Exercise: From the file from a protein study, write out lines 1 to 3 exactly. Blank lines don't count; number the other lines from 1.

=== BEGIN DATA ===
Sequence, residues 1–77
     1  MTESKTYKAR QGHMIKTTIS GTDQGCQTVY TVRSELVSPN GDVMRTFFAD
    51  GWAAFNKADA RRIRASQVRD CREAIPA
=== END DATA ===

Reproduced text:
Sequence, residues 1–77
     1  MTESKTYKAR QGHMIKTTIS GTDQGCQTVY TVRSELVSPN GDVMRTFFAD
    51  GWAAFNKADA RRIRASQVRD CREAIPA